Challenges Facing the Muslim Sects in 1095

Despite a newfound Christian interest in the spread of Islam into Byzantine lands, in 1095, Muslim groups in the Middle East continued to focus on expanding their territory by fighting each other. The Fatimid Caliphate considered the Abbasid Caliphate a rival and sought to overcome them militarily, waging a series of campaigns against them.[10] When the Seljuk Turks burst onto the scene in the 1050s, the Fatimid caliphate had control over the Abbasid caliphs in Baghdad. This power balance was quickly reversed as the Seljuks grew in power and began to both dominate the Fatimids and expand into Byzantium.[11] As the Seljuks expanded, the Abbasid Caliphate strove to keep itself afloat, and the Fatimids sought to maintain the power they had and continue to combat the region’s Sunnis, none of the three groups was prepared to meet the challenge of the crusaders.

Working Title/Artist: Bowl w/eagle Department: Islamic Art Culture/Period/Location: Egypt HB/TOA Date Code: 06 Working Date: ca. 1000 photographed by mma in 1982, interior view, transparency 2b scanned by film & media 3/4/01

Bowl with Eagle, Egypt ca. 1000. Fatimid. Courtesy of The Metropolitan Museum of Art.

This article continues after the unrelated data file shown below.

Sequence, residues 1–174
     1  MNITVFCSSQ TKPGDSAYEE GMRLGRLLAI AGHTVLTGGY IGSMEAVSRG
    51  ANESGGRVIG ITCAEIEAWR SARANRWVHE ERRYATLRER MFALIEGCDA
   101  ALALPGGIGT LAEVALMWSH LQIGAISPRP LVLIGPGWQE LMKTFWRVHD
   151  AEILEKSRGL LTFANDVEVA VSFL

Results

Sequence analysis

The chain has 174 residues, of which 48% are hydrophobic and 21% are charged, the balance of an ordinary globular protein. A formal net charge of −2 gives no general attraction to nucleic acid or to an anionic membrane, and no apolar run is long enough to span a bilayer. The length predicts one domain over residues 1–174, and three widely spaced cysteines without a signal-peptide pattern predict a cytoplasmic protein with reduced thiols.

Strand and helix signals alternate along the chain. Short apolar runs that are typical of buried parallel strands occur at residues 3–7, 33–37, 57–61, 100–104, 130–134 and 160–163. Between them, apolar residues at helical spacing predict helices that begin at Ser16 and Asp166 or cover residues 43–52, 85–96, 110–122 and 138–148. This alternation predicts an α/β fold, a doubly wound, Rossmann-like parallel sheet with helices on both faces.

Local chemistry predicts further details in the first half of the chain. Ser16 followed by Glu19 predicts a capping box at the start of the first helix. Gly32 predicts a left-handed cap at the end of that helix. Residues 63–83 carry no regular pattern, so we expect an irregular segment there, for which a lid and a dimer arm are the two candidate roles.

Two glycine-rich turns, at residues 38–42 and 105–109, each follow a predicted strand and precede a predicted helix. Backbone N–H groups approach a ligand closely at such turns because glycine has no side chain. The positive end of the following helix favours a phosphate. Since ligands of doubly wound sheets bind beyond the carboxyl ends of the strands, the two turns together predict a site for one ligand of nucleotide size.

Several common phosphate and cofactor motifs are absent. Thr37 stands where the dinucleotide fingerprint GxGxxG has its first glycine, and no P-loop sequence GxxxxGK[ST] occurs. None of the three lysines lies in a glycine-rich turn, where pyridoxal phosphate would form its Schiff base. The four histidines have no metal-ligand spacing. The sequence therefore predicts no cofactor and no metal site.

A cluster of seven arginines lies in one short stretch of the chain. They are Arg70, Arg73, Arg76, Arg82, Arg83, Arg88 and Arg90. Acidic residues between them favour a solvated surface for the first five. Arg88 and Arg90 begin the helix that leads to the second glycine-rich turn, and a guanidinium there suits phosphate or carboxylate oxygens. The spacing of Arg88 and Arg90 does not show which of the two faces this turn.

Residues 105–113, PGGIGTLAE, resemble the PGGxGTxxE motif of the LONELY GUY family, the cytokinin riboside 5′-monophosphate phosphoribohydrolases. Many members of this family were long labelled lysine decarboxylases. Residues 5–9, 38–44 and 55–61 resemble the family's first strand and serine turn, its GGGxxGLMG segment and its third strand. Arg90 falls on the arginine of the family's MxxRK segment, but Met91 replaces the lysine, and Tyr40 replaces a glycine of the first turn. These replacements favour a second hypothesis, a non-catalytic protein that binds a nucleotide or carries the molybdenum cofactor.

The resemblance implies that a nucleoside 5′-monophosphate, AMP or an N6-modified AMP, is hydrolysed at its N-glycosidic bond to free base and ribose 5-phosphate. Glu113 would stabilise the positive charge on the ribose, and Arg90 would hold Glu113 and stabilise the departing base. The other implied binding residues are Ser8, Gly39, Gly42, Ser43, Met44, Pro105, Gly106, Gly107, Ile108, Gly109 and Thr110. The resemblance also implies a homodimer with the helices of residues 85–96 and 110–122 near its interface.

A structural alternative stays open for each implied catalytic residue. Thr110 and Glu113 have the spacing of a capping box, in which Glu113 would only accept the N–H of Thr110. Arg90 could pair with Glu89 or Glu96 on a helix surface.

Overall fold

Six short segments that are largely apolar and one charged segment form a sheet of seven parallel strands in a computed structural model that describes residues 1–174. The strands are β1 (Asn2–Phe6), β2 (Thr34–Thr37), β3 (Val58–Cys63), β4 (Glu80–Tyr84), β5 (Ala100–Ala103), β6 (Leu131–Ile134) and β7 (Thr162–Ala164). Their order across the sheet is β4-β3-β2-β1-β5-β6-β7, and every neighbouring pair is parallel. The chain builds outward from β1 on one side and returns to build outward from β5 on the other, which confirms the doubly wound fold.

Furthermore, the three groups were each commanded by sprawling political organizations whose disorganization and loose hierarchies contributed to instability. The Abbasids’ central authority was the caliph, who was based in Baghdad, but the rest of the caliphate was broken up into provinces ruled by independent leaders, whose loyalty to the caliph varied.[12] The Seljuks were nominally controlled by the Abbasid Caliphate, but their military strength far exceeded that of their overlords.  Further, they maintained a state of relative sovereignty, conducting politics independently of the caliphate. The Seljuk empire was characterized by decentralization, with conquered territories-turned-provinces governed by vassals, emirs, and atabegs who all reported to higher-up authorities called sultans.[13] The Seljuk Empire’s complicated hierarchical structure, vast amount of territory, and high degree of autonomy made it vulnerable to both interior conflict and external threats. The Fatimid Caliphate was characterized by a series of splintering sects that warred with both each other and their Sunni rivals. In 1094, a Fatimid prince named Nizar rebelled when he was not chosen as successor of his family’s caliphate. He was killed, but a number of Fatimids who had supported him broke with the rest of the caliphate to form the Nizari sect, which was loyal to his line. The Fatimid Shi’ites were now embroiled in conflicts with both their Sunni rivals and each other.[14]